The new admission process for Boston’s exam schools is off to a rocky start, marked by last-minute recruitment of students and a potential two-month delay in admission decisions.
Boston Public Schools announced this month it has tapped a major accounting firm, Ernst & Young, to validate calculations of grade point averages used for admission to Boston Latin School, Boston Latin Academy, and the O’Bryant School of Math and Science.
School officials are asking families to be patient as they await admission decisions, which might come as late as May. But tensions are rising, particularly among families relying on private schools as fallback options who are facing deadlines for security deposits.
“Clearly exam school assignment is on the minds of many and we’d like to spend a few minutes pulling back the curtain if you will to share what’s involved in the process,” said Denise Snyder, acting chief of BPS’ family and community advancement, during a School Committee meeting Wednesday. “We understand at the surface the process seems like it should be simple and that it should not take so long.”
Here’s a glimpse at what’s going on:
Why are admission decisions coming out so late this year?
The issue: For years, Boston parents have anxiously checked their inboxes or mailboxes in March for exam-school acceptance letters. Last year, those notifications got pushed to April while a lawsuit by a group of Asian and white parents moved through the federal court system. This year, the letters may not go out until late April or May.
However, this month BPS informed families about whether their children met the GPA eligibility criteria — a B or better — to be considered for admission.
BPS response: “There is no delay. While BPS acknowledges that its current notification timeline is different from the notification timeline in previous years under the old exam school policy, the anticipated time frame of late April/early May for notification of exam school invitations has been consistently communicated to families during our winter exam school information sessions. The District is still on track to notify families of exam school invitations within this time frame.”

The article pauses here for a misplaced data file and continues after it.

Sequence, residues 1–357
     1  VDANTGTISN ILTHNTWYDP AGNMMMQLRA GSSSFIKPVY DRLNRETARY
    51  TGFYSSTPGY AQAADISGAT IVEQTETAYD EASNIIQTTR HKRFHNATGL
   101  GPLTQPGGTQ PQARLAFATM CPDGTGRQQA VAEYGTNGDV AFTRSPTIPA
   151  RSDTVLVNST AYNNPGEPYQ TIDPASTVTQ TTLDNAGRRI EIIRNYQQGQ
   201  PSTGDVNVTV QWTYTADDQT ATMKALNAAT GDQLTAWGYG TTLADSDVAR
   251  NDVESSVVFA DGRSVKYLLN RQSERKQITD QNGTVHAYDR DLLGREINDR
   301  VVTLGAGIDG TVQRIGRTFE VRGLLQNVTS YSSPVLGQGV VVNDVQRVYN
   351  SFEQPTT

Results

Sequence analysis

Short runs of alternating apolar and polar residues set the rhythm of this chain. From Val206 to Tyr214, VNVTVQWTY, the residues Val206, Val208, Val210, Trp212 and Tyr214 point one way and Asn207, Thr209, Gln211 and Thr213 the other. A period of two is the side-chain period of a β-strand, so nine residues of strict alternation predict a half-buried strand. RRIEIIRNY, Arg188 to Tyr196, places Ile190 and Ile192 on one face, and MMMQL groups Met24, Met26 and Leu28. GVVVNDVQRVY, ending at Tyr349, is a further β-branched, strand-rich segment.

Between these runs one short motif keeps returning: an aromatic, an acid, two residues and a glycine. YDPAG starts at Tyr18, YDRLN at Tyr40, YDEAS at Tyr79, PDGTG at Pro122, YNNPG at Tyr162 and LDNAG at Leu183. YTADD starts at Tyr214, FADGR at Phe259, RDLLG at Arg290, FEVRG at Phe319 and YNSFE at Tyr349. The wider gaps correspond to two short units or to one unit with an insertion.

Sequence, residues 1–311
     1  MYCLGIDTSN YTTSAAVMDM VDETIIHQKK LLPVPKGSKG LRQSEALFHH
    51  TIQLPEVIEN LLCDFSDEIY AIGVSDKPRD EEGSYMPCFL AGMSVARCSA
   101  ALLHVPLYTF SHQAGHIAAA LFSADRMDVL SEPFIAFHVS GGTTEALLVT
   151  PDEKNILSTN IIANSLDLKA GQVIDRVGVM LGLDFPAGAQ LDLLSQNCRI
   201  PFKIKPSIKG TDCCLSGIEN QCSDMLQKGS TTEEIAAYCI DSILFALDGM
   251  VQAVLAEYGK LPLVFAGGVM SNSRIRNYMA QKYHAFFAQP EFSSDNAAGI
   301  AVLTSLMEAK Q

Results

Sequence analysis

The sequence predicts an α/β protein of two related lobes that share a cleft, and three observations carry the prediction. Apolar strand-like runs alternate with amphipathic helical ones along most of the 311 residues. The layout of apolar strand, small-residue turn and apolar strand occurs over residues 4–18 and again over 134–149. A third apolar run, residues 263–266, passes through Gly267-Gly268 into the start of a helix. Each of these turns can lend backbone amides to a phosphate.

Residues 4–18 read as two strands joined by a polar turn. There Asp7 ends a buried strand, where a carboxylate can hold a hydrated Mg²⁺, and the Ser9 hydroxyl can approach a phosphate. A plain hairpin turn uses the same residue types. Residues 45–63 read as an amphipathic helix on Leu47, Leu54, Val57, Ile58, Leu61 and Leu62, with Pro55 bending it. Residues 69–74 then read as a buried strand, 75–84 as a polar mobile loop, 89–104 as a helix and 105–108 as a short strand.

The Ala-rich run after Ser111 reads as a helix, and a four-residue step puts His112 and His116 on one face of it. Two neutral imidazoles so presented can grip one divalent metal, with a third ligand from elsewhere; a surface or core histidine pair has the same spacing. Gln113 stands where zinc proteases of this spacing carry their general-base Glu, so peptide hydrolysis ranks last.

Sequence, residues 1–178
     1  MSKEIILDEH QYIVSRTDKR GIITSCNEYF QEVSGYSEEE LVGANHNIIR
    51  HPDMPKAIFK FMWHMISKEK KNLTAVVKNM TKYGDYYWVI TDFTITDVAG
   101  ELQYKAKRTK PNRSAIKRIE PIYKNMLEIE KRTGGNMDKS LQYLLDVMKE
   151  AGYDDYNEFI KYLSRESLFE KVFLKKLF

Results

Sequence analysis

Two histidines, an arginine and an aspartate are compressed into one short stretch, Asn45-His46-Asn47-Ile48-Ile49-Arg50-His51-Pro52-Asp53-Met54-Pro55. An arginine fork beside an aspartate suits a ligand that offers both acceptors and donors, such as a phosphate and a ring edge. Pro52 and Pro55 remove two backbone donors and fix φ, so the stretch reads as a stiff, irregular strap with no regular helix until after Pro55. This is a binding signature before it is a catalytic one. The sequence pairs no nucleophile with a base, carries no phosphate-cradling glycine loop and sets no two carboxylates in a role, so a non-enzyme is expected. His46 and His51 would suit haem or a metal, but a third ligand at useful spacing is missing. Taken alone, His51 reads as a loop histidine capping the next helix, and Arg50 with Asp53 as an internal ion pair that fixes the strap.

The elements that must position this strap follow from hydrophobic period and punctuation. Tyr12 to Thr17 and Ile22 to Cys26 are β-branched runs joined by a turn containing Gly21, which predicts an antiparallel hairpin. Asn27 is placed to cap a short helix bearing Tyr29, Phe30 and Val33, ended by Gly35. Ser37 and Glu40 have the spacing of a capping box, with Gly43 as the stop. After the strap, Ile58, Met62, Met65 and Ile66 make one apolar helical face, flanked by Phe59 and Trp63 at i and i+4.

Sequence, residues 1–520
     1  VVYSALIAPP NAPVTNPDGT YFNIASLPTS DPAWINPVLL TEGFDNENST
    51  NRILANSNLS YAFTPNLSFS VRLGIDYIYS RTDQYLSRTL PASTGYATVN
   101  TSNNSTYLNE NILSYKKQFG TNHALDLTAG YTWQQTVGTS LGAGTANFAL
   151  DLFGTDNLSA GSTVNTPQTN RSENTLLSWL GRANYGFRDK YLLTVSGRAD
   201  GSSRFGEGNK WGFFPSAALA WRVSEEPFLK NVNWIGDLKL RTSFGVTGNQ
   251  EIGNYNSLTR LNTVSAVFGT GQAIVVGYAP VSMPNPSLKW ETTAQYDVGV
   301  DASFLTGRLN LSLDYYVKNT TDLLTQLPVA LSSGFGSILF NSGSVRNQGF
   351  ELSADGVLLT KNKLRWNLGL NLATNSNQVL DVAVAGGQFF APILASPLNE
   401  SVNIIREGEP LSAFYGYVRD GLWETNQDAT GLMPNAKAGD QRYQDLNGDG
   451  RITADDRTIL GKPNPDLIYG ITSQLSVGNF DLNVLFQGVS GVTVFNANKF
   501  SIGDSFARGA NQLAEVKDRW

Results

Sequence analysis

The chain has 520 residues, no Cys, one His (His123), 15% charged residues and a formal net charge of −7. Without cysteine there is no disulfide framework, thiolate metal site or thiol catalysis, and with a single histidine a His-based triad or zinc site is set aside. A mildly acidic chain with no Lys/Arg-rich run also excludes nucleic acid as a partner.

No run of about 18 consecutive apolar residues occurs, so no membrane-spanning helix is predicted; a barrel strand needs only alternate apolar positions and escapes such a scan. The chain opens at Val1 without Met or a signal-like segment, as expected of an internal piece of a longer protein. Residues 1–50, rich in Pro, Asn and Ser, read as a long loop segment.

Is BPS running a lottery process for the exam schools?
The issue: Several parents became alarmed this month when they received what should have been good news. BPS informed them their children’s GPA was high enough to be eligible for admission, but letters stated their children would be entered into a “lottery process” to determine whether they would actually get a seat.
A lottery is technically not part of the new exam school admission system and would represent a seismic shift for BPS. For decades, admission has been based on a rank order of composite scores, which this year consist of only GPAs. (Next year test scores will be added back in.) When students have identical composite scores, BPS randomly assigns numbers to break ties, but has insisted previously that’s not a lottery.
BPS response: “The exam school admission process has always included an algorithm for tie-breaking purposes when applicants have identical composite scores. This algorithm, which is often referred to as a ‘lottery,’ assigns a random number to applicants with identical composite scores, and that number serves as a tie-breaker when students are competing for the same seat.”
Why has BPS brought in an outside auditor?